With the graduation of Tewaaraton Award finalist and defenseman Joe Fletcher, a pair of second-team All-Americans in short-stick defensive midfielder Pat Laconi and goalkeeper Jack Runkel and short-stick defensive midfielder Kyle Duffy, Loyola Maryland needed a defensive leader.
The No. 8 Greyhounds have found that leader in senior Pat Frazier. The 6-foot-1, 185-pound defenseman is the only returning starter from last season and, with fellow senior defenseman David Manning out until at least the midseason because of torn meniscus in his knee, Frazier’s value as the defense’s anchor is more pronounced than ever.
“He’s the guy we need him to be,” coach Charley Toomey said Monday afternoon. “He’s our defensive leader. He’s a very guy similar to [Fletcher] in that he’s allowing the guys around him to grow up, and he’s really taken the brunt of the defense. He’s got [sophomore] Jack Carrigan and [junior] Jason Crane, two new guys, next to him. And as impressive as Pat has been, he’s allowed those other guys to kind of be impressive, too. It’s because of his leadership, it’s because of the chemistry that those guys are developing down there. We’re real proud of Pat.”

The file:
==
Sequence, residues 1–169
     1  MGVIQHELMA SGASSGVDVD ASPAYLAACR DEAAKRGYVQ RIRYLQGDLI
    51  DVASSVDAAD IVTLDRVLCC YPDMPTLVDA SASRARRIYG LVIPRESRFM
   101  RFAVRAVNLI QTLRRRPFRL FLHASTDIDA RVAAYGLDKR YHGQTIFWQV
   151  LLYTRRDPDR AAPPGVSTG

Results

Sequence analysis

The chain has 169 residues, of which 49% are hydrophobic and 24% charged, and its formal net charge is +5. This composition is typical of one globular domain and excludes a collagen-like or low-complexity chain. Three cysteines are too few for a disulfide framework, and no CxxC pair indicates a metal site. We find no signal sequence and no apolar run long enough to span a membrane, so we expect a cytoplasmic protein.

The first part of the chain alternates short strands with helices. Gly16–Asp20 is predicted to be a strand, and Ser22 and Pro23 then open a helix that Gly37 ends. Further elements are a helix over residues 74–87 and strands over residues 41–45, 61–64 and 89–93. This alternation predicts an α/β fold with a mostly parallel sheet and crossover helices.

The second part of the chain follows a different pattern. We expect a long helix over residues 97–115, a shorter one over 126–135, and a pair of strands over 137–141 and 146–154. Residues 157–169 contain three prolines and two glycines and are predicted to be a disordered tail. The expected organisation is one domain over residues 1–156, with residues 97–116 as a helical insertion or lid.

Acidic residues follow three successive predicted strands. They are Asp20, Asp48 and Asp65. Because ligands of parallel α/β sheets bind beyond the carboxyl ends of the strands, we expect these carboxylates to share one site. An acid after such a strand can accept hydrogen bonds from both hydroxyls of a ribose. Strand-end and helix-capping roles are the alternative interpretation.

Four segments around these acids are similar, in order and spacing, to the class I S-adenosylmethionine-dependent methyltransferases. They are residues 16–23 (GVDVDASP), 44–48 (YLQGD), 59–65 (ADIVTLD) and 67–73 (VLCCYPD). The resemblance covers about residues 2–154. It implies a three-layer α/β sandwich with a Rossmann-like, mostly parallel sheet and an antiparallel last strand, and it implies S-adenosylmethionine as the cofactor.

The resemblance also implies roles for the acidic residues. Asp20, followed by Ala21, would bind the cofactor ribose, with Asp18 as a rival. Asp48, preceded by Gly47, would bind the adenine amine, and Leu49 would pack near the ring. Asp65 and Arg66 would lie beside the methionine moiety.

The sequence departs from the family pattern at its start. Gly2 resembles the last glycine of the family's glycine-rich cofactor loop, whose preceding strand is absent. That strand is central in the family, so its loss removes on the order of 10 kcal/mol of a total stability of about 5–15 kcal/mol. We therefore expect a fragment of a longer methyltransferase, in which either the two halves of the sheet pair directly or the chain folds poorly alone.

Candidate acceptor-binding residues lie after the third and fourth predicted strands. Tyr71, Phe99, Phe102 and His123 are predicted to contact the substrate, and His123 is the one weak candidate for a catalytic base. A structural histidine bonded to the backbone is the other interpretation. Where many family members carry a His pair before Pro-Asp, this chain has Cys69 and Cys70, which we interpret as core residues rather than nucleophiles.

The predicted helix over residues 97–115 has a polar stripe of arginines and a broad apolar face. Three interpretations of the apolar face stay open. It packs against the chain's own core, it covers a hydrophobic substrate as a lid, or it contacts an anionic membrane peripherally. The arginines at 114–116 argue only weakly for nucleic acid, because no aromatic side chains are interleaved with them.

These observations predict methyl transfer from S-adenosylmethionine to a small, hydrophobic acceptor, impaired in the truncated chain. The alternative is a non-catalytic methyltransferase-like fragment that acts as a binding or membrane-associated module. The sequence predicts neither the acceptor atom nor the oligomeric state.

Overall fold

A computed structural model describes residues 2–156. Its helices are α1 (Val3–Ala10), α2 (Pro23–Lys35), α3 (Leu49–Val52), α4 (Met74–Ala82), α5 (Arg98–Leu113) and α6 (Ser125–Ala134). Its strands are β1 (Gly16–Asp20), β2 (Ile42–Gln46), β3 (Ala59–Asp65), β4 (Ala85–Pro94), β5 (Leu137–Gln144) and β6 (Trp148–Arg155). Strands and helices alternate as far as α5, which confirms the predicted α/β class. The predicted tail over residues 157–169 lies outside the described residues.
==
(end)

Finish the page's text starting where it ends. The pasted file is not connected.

Frazier’s skills are evident on the field. After sophomore attackman Ryan Lukacovic hd two goals and two assists against Frazier in the Greyhounds’ 13-12 loss to No. 5 Virginia on Feb. 7, he limited sophomore attackman Matt Sutton to a single goal in Saturday’s 8-6 win over No. 18 Penn State.
Frazier, who had six ground balls and three caused turnovers Saturday, was named the Patriot League’s Defensive Player of the Week.
But it wasn’t all good news for Loyola, which allowed the Nittany Lions to trim a five-goal deficit to one with 8:22 left in the fourth quarter before sophomore Romar Dennis secured the victory with a goal with 96 seconds remaining. Toomey said the defensive players, led by Frazier, understood how close the team was to falling to 0-2.
“We watched the film and felt like we had a plan in place, but we just didn’t execute the plan,” Toomey said. “I think what Pat’s message to the guys on the field was, ‘Take that deep breath. We could’ve executed better and really given our goalie a chance to see the ball from a different area.’ If there’s any pressure, I think Pat feels a responsibility to make sure that the guys are prepared every game and that the cohesion continues to develop.”